Scores of schools have resumed their activities in the recently-liberated areas of Mosul amid an ongoing military offensive to cleanse the entire northern city of Daesh terrorists.
On Sunday, Iraq’s Shafaq News website quoted Iraq’s Education Ministry as saying that some 70 schools have officially reopened in Mosul.
Hessam al-Din Abar, a representative at Provincial Council in Nineveh, where Mosul is the capital, said Daesh’s presence had prevented the schools from running for two years and a half.
Only a handful of schools would operate under Daesh militants, according to reports.
The education centers had, instead, turned into places for the terrorists to barricade civilians in or train their new recruits and inculcate extremism in them.
Some families would preclude their young ones from attending schools while the terrorists were controlling such premises.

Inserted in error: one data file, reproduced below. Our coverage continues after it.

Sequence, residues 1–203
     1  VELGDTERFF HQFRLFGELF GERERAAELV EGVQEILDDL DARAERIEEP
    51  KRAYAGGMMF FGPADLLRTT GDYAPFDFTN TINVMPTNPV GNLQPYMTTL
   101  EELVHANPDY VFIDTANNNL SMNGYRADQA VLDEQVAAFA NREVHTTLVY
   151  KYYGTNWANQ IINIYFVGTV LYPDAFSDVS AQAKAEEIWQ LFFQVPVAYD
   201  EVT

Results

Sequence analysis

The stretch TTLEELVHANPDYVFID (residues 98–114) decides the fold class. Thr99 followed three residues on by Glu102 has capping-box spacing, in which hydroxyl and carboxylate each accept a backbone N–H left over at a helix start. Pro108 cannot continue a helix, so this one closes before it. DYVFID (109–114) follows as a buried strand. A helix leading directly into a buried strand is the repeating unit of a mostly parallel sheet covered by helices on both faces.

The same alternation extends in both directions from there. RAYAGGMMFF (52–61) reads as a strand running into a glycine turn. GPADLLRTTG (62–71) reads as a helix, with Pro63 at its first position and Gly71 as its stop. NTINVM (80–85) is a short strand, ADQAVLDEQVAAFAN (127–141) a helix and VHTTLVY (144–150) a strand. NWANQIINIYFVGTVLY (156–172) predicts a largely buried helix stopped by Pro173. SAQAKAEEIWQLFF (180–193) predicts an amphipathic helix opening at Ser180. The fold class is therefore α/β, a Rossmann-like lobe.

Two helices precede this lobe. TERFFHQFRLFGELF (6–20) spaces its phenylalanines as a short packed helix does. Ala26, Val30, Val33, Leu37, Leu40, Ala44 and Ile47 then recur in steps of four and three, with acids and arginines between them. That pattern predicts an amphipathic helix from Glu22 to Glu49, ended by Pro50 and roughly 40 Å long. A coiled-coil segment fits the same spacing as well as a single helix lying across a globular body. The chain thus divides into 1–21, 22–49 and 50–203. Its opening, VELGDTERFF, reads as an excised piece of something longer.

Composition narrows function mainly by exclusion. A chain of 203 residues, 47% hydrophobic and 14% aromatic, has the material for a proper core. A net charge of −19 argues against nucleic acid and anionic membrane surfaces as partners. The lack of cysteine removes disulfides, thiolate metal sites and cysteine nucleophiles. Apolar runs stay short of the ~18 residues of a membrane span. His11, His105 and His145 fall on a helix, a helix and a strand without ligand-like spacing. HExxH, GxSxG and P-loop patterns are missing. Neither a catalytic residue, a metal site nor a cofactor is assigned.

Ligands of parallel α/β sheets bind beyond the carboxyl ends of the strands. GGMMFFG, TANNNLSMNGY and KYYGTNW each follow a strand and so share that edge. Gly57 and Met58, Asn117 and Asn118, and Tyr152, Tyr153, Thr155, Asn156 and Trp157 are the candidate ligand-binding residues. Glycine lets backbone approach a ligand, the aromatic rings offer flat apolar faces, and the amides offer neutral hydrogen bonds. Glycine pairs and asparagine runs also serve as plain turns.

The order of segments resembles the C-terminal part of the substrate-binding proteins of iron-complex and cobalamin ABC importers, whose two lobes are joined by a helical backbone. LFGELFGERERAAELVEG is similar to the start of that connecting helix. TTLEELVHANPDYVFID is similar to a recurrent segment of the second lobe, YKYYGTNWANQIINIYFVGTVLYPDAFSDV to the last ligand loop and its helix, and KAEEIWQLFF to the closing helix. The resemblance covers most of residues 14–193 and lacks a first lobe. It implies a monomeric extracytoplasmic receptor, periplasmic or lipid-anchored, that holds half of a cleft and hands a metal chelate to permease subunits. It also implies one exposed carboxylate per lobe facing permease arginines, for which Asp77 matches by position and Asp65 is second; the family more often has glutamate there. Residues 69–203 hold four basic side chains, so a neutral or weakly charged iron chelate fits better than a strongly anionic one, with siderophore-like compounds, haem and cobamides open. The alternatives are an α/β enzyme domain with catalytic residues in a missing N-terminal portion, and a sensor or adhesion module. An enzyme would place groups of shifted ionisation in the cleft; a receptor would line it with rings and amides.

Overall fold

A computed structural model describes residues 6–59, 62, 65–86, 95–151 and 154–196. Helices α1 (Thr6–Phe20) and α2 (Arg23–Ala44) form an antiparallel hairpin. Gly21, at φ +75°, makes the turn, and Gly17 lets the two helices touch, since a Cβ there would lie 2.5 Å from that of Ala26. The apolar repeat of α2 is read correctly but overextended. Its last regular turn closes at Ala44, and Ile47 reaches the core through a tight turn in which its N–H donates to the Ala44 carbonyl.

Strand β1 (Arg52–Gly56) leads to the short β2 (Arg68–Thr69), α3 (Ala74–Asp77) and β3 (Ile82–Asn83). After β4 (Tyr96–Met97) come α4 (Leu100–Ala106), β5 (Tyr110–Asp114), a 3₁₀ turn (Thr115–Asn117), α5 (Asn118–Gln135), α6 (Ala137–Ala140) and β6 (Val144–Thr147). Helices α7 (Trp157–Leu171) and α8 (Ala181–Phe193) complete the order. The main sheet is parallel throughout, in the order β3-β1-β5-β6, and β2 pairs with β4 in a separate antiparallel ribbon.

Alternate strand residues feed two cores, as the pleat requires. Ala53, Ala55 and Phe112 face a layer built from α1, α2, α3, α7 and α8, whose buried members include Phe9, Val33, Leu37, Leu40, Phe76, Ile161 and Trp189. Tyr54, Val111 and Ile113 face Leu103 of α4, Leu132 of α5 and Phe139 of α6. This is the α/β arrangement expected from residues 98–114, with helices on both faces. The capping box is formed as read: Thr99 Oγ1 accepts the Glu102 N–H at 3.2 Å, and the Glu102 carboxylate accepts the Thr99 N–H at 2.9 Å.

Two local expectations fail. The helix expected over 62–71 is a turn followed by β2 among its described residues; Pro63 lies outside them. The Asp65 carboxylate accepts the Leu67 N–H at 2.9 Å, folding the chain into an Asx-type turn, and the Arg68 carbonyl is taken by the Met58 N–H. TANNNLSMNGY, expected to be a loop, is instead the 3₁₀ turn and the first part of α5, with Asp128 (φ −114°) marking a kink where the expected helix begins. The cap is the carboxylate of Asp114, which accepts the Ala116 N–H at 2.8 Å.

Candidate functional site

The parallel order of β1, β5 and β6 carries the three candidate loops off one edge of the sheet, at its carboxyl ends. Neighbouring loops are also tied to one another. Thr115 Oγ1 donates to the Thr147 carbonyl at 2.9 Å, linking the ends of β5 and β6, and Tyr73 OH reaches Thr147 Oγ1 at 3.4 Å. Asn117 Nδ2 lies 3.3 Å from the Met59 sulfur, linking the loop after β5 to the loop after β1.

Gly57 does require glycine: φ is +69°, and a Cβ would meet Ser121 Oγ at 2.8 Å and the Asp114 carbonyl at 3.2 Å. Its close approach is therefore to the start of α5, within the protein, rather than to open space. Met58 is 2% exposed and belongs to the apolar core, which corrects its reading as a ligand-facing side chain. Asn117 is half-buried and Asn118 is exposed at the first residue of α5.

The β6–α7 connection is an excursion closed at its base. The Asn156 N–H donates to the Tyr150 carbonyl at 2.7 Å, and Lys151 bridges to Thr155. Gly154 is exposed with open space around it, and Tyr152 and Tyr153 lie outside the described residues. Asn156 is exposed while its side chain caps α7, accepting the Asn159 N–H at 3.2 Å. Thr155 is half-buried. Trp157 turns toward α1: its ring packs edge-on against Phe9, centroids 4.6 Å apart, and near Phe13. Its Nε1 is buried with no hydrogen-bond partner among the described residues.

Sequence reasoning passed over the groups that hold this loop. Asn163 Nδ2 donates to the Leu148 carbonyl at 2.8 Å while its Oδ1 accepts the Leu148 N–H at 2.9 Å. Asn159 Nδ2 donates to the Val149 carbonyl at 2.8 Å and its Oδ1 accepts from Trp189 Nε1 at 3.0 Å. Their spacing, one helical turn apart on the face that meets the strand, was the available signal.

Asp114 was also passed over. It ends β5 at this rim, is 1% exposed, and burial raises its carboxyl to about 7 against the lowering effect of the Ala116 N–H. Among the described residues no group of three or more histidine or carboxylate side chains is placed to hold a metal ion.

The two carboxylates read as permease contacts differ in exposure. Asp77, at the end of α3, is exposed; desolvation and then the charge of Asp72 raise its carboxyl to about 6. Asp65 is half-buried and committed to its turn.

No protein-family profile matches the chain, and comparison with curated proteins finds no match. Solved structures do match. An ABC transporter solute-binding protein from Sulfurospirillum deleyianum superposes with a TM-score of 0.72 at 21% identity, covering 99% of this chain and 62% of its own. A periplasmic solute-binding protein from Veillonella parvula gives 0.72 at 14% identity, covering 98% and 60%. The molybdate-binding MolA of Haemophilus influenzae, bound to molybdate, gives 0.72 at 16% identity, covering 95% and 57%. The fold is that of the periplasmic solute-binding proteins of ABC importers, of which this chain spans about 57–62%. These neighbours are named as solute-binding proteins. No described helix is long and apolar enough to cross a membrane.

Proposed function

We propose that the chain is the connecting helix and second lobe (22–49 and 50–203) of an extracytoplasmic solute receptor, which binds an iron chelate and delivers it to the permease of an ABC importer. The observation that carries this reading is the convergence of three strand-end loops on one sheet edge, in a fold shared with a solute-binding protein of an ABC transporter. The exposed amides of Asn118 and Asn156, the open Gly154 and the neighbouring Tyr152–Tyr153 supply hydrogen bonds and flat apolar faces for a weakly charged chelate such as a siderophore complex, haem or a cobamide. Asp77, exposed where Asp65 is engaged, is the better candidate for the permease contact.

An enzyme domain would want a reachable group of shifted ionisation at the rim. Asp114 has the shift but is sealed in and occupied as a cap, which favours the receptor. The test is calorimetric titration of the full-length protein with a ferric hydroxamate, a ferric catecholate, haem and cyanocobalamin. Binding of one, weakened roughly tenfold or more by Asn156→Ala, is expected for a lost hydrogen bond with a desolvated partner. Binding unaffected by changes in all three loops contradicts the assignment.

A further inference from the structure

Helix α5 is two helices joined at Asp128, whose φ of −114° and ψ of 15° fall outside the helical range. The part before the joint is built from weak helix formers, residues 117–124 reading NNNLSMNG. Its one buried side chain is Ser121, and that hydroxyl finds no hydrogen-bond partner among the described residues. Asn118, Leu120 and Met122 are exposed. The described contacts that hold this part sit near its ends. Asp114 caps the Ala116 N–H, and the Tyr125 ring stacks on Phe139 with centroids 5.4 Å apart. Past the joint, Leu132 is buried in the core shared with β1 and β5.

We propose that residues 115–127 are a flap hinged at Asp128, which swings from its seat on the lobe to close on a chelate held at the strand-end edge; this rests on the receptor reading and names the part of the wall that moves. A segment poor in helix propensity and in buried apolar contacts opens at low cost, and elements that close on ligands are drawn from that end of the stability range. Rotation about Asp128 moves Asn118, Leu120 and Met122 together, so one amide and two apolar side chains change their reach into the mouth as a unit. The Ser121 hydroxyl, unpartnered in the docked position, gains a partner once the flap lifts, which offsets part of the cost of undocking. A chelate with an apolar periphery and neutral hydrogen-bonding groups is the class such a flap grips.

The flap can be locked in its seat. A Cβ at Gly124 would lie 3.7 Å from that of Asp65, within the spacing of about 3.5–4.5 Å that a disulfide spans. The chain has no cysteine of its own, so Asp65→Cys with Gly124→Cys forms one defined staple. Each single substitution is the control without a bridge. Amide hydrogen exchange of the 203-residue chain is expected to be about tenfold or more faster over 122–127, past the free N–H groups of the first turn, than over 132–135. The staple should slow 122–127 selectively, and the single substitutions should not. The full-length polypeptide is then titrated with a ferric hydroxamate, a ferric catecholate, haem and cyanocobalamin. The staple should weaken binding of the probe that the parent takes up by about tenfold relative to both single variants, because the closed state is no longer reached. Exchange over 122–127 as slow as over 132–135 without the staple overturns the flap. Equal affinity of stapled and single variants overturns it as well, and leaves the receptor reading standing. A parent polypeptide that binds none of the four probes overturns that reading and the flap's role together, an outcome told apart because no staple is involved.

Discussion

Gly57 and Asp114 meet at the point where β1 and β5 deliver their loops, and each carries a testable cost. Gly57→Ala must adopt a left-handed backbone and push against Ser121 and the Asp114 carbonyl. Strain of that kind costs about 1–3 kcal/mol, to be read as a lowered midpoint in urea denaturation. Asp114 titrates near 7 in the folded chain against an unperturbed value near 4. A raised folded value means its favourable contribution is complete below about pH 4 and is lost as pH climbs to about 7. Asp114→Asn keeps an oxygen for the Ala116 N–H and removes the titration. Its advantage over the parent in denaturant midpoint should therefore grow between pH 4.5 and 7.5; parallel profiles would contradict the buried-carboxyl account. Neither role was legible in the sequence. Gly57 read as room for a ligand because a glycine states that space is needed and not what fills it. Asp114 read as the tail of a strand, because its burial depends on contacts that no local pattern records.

The outfit seized the city in 2014 after unleashing its terror campaign against the Arab country.
The terrorists have come under a concerted push by government and volunteer forces in the city, their last stronghold in Iraq, since last year.
The operation has liberated a good part of eastern Mosul, leaving the group largely in control of its west.
Speaking on January 9, Prime Minister Haider al-Abadi said the counter-terrorism push against Daesh in Nineveh is in its final phase.
Daesh has named Mosul and the city of Raqqah in neighboring Syria as its so-called headquarters.
Their potential liberation would mean the ultimate blow to the terror group’s campaign of bloodletting and destruction in the Middle East